Next year marks 60 years of diplomatic relations between Indonesia and Germany.

To celebrate this partnership, the German Embassy in Jakarta has mounted a five-month project called Jerin, short for Jerman-Indonesia (Germany-Indonesia), which starts in Surabaya on Sunday with a concert and continues a day later in Jakarta, coinciding with German Unity Day.

“We are still only at the beginning of the 21st century, but we already know that it will bring new opportunities and challenges for both our countries,” German Ambassador Norbert Baas said at a news conference last week. “Those challenges mirror the dynamics and interconnection of both our societies. That’s why this series of events is very important, as we would like to give new energy to the partnership between Indonesia and Germany.”

In collaboration with the Goethe-Institut and the German-Indonesian Chamber of Industry and Commerce (Ekonid), as well as a number of partner institutions, Jerin will host events in 12 cities across Indonesia.

The events will touch on subjects as varied as economics, new technology, science and fashion, and they will include cultural showcases such as exhibitions and concerts.

Jan Roennfeld, managing director of Ekonid, said relations between Indonesia and Germany mirrored the history of trade between the two countries.

“In addition to politics and culture, we are happy to represent the economic pillar of this project,” he said. “Jerin tries to build a bridge between the past and the present. When looking at the past, it was of course the economy, the traders and the businessmen who were among the first to foster a relationship between our two countries.”

Of course, it is not merely matters of money that have nurtured a friendship between the two nations. Cultural exchange also plays an important role.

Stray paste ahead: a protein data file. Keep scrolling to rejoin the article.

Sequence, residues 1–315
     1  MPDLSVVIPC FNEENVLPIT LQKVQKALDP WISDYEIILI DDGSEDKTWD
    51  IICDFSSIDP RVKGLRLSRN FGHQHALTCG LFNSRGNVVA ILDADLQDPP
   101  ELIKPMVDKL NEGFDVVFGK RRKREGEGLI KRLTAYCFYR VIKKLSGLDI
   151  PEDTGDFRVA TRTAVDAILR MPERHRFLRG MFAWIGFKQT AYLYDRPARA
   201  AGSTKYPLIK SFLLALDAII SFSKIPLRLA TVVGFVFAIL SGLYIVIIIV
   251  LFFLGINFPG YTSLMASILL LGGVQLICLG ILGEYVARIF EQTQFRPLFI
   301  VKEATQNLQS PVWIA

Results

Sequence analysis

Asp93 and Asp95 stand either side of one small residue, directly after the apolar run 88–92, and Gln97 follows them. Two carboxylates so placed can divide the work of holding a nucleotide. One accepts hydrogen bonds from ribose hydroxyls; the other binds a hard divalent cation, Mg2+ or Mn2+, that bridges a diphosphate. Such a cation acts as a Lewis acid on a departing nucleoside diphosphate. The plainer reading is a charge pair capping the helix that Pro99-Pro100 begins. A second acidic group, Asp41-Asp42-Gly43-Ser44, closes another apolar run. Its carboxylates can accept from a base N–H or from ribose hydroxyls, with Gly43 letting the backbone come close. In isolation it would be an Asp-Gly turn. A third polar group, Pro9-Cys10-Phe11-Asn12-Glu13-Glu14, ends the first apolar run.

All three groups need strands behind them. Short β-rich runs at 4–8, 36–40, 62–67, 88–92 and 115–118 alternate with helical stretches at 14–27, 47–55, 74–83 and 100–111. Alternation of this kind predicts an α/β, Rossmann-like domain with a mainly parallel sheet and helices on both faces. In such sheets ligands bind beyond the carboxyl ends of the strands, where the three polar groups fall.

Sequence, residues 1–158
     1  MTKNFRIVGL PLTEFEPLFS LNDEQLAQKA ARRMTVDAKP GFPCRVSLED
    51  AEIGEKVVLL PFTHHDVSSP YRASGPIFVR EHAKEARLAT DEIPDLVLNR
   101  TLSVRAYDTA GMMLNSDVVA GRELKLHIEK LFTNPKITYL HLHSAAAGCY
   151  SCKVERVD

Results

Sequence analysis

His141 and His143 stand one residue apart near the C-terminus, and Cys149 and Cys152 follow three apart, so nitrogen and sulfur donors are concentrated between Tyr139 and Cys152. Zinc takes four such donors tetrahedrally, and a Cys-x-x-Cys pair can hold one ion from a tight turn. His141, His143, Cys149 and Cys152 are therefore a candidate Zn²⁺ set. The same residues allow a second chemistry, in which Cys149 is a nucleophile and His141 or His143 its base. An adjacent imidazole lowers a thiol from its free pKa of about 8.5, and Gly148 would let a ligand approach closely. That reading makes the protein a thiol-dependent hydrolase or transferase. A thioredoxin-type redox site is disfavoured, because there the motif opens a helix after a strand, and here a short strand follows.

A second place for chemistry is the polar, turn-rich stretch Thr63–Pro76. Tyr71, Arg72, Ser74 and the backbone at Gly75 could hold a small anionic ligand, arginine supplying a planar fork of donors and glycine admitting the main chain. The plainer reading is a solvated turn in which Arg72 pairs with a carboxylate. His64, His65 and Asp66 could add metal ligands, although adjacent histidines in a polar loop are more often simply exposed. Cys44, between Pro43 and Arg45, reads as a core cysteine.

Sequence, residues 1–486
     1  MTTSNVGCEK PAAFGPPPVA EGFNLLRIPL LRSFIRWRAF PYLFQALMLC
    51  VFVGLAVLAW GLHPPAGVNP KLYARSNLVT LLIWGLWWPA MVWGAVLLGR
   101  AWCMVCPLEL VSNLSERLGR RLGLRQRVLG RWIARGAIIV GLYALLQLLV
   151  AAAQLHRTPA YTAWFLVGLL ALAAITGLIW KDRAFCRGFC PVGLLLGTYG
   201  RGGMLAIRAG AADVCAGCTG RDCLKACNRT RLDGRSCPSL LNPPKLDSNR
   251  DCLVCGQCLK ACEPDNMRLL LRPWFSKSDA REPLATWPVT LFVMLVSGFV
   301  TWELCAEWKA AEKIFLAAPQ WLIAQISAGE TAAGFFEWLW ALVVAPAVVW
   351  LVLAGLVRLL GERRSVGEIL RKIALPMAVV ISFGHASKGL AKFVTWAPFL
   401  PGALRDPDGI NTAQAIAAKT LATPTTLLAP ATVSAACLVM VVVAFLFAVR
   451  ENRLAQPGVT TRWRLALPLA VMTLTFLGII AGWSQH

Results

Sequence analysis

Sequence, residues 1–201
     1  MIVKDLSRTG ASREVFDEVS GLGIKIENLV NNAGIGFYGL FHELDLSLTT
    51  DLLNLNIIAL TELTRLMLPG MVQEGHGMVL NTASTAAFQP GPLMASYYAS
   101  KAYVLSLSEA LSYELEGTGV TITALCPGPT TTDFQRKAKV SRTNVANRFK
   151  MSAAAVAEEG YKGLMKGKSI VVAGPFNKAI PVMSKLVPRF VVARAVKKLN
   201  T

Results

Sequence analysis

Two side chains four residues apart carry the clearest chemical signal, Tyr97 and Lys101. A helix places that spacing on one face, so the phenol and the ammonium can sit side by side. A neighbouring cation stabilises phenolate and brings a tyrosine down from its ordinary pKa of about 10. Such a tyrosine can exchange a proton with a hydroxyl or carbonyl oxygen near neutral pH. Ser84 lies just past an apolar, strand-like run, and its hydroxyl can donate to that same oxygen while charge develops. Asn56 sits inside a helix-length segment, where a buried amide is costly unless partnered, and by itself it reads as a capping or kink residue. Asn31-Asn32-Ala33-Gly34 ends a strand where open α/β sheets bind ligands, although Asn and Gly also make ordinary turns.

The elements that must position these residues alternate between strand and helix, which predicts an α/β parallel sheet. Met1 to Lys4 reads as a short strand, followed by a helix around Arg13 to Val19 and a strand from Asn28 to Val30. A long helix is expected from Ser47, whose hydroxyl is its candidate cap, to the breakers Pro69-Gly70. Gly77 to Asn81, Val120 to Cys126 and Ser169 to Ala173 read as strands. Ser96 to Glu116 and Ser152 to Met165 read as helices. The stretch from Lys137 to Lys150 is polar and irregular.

“Culture builds bridges. It connects and helps people understand one another,” said Franz Xaver Augustin, director of the Goethe-Institut in Indonesia. He added that the cultural center aimed to not only bring German culture closer to Indonesians but sought to foster a dialogue, be it in music, dance or fine arts.

Following the slogan “Creativity in Diversity,” Jerin’s cultural program includes a slew of interesting events.

“Even though our main aim is to celebrate the long-lasting friendship between Indonesia and Germany, we really want to make sure that we involve the Indonesian side as well,” said Frank Werner, head of cultural programs at the Goethe-Institut.

“For the opening concert, for example, we have 150 musicians — choir and orchestra — on one stage, who are both German and Indonesian, conducted by the renowned Gudni Emilsson,” he said. “This concept continues over the next five months. We have invited Oliver Kern, a star pianist from Berlin, to perform in Indonesia, and he will also share the stage with an Indonesian soloist.”

Other highlights of Jerin will be the participation of German fashion designers in Jakarta Fashion Week, concerts by Berlin-based jazz choir Fabulous Fridays in November, a German film festival in January and performances by the renowned choreographer Sasha Waltz in February.

But what Augustin and Werner are looking forward to most is an exhibition showcasing paintings by Raden Saleh, which will run throughout February and conclude Jerin.

“It is the first comprehensive exhibition of his works,” Augustin said, adding that the famed Javanese painter, who lived during the 19th century and spent almost 20 years in Germany, had a lasting influence on artistry in Saxony.

“He is maybe one of the first pioneers of cultural exchange between our two countries,” Augustin said.

Even though the official Jerin program will end in February, organizers hope dialogue between Germany and Indonesia will not stop there.

“Jerin is open for everyone, and its spirit shouldn’t end with the conclusion of the Raden Saleh exhibition,” Augustin said.

Most of all, Jerin should be regarded as an expression of gratitude to the public, the German ambassador said.

“It is a long friendship that connects Germany and Indonesia in many different fields, but the most important dimension is the interpersonal one,” Baas said. “Without the consent of the people, it would be difficult for the governments to have a partnership between the two countries.”

Twitter: @jer_in

News Source: The Jakarta Globe